Stuck between a rock and last place: Why the Royals will struggle to improve

Stuck between a rock and last place: Why the Royals will struggle to improve

KANSAS CITY, MO (KCTV)

To say expectations for the 2018 Kansas City Royals were low prior to Opening Day would be an understatement.

The team was coming off of its first losing record since 2012 and had just lost a handful of stars to free agency — including all-star first baseman Eric Hosmer. Kansas City also had a slightly tougher schedule, even if it came with the caveat of playing in the weakest division in baseball.

The Royals are currently on pace to lose 112 games, which would rank as the worst finish in franchise history and sixth-worst in modern MLB history

That record would bring six more losses than the historically bad 2005 Royals team that won just 56 games, endured a 19-game losing streak and named three different managers during the season.

Fans of the 2005 squad would be stuck in a type of baseball purgatory for the next seven years. The Royals were neither improving nor getting worse, averaging just over 93 losses per year and lacking the strong prospect pipeline needed to take that next step towards fielding a successful club.

Much to the chagrin of Kansas City faithful in 2018, this club may be headed in the same direction.

Most teams posting 100-loss seasons are rebuilding, pumping their farm systems full of high-potential prospects that can make a lasting impact once they’re promoted from Triple-A ball.

The Royals haven’t placed a single athlete in the MLB “top prospect” listings during this season, including the separate list of 97 projected pitchers that’s collected by the league.

For context, three other AL Central teams currently have at least four players on the lists. The exception is Cleveland, who has one, but is also in contention for their third consecutive division title and has either developed or traded their young talent to field a winning club.

Even within Kansas City’s own farm system, the team’s top prospects aren’t expected to make any kind of impact until at least 2020.

Within the top 10 players listed, only two are above the Royals’ Class A-Advanced league affiliate in Wilmington.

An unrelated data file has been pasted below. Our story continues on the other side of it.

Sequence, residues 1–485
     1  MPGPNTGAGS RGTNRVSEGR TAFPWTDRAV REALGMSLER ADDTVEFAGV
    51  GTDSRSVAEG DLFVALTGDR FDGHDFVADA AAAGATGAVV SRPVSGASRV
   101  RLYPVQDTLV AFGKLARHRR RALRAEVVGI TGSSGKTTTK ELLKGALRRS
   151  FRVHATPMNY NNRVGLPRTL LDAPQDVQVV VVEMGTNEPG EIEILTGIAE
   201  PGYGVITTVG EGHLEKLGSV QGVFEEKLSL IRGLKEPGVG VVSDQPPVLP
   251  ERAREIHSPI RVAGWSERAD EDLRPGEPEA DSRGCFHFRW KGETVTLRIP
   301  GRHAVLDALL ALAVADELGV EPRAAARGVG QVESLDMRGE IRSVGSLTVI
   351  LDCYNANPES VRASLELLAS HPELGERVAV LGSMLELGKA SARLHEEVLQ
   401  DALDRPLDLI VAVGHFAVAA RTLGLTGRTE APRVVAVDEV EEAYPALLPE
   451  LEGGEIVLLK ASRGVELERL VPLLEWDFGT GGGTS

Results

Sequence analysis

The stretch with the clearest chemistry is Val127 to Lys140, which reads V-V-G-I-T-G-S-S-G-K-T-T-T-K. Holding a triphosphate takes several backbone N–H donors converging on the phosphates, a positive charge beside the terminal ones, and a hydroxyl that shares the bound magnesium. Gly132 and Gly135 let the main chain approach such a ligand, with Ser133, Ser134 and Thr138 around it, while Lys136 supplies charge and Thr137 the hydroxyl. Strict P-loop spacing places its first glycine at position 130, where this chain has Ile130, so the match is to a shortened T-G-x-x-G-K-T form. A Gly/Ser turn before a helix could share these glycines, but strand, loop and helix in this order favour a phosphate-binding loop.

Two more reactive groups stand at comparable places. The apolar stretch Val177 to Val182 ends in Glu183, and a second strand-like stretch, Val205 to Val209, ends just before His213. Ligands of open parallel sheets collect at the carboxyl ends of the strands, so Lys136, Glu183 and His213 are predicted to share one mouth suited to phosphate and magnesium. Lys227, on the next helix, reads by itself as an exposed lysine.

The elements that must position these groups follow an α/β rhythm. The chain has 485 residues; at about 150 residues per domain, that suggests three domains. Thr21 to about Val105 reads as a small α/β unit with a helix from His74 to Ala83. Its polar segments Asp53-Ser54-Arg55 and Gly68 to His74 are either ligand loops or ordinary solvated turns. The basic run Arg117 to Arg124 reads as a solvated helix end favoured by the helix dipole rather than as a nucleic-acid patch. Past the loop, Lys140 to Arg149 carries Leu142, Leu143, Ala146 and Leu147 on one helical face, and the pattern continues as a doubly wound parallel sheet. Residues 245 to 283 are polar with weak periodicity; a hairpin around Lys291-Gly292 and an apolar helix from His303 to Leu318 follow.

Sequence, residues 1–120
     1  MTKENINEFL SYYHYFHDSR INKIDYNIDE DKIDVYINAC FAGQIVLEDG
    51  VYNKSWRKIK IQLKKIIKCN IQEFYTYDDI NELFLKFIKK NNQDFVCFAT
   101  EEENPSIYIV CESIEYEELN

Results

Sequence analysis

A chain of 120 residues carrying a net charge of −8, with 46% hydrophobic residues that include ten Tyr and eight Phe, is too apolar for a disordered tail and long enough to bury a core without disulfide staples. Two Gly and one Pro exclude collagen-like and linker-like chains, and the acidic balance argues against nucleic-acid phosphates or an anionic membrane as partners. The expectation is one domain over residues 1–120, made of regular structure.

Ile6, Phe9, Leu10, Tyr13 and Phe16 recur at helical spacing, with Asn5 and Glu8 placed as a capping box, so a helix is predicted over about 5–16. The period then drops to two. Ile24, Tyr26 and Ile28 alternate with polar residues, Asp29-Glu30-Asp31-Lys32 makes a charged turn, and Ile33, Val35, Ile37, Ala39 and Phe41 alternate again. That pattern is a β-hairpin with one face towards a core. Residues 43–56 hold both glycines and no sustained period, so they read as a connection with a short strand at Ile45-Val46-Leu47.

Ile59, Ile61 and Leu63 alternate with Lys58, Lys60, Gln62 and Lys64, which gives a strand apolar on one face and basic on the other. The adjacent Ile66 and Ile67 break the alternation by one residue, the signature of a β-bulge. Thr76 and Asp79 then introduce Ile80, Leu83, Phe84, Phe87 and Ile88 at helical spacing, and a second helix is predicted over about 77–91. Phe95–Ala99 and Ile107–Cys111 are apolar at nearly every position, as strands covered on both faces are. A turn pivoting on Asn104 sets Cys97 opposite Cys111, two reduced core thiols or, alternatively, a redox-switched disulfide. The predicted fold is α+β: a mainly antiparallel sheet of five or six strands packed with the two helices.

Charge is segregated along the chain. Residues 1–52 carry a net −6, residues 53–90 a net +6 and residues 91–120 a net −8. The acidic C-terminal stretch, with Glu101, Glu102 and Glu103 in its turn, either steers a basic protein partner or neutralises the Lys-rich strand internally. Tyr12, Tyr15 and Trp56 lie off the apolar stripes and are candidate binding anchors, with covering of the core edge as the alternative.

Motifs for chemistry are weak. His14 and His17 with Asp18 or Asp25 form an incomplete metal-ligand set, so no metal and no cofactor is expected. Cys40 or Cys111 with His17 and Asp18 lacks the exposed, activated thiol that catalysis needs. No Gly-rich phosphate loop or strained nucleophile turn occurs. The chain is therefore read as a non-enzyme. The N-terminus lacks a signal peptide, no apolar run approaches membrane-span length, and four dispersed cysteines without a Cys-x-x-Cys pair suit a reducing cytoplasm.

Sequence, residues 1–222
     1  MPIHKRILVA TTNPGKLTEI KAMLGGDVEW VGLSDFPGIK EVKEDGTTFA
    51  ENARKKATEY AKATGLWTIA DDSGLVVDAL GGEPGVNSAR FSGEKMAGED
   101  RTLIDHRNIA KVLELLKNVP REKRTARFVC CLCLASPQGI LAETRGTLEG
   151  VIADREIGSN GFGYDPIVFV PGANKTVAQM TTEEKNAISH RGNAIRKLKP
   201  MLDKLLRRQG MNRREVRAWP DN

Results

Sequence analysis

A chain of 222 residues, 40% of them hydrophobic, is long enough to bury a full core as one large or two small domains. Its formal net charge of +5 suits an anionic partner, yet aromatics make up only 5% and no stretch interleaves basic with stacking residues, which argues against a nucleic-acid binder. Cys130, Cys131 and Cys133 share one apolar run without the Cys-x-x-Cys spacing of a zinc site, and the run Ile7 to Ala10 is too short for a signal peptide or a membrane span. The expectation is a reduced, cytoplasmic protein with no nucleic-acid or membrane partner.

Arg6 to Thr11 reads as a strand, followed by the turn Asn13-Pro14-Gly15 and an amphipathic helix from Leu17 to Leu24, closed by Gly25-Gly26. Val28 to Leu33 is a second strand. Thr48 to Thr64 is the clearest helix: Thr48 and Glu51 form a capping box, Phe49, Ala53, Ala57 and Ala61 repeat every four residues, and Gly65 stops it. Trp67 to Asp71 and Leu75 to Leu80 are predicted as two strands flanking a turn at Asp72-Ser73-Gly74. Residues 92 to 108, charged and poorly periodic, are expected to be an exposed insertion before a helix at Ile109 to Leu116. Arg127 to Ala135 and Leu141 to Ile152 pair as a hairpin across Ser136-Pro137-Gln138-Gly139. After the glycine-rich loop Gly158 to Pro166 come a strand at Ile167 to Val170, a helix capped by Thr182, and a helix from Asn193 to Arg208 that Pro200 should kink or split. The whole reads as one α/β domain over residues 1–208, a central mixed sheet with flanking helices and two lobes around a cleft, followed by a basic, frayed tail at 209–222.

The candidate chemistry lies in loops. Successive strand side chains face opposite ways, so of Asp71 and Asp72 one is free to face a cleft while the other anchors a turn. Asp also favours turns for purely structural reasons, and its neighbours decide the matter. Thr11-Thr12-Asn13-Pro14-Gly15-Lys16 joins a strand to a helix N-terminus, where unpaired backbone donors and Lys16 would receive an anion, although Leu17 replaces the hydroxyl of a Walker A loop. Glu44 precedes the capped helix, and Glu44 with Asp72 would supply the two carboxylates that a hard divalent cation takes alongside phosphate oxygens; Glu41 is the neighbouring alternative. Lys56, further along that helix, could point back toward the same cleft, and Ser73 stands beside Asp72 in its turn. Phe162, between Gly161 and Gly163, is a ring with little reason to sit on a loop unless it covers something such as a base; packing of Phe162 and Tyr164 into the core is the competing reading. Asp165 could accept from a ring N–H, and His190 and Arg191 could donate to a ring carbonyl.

One is Khalil Lee, a third-round pick in the 2016 draft who’s second on the Royals’ watchlist and was recently promoted to the Double-A affiliate in Arkansas.

The other is Nicky Lopez, who was taken in the fifth round of that same draft after attending Creighton University. He was sent up to Omaha following a promising .331 average through 281 at-bats in the Double-A league.

It’s hard to say how far down the front office will reach when picking players for the expanded roster this fall, however Lopez is the player most likely to spend a portion of his season at the MLB level.

The other options for teams to improve lies in free agency and trading. While acquiring two or three superstars in one offseason is a strategy that has worked well for teams with massive

budgets such as the Cubs and Yankees, that’s not a luxury that the mid-market Royals hold. Even if they did, it would be hard to say it’s the right move for a rebuilding team.

Last offseason, the 98-loss Giants attempted to fix an aging core by promising a combined $101.85 million to Evan Longoria, Andrew McCutchen and Austin Jackson. Jackson has since been traded to the Mets, McCutchen is posting the lowest batting splits of his career and the Giants are currently three games under .500, all but eliminated from playoff contention. The strategy has only proven to be somewhat effective when a team already has those strong building blocks from their farm system in place at the major league level, most recently the Cubs and Yankees.

With that said, the Royals aren’t far below the league average in payroll ($138.3 million) and will have enough flexibility to make smaller moves like re-signing shortstop Alcides Escobar or adding some depth to a struggling pitching staff should they choose to do so.

It’s easy to critique the Royals’ front office, managers and players for the team’s performance and lack of investment in their future.

However, it would be hard to find a fan in Kansas City who wasn’t smiling, crying or a combination of the two as Ned Yost and company hoisted the Commissioner’s Trophy high into the New York sky.

Ultimately, this is the aftermath of mid-market success. It is a flash in the night—it is quick, bright and fleeting. The window of success is tight for teams outside of a large market to field a dominant team and even tighter for those teams to win a World Series title. Once the contracts expire and the requested salaries increase, that window is gone.

So while a city waits patiently for its team to return to the fall classic, they can rest easy knowing that there is another window waiting to be pried open somewhere down the road. Until then? I’m told the tailgating down in the parking lot of 1 Royal Way is just fine.

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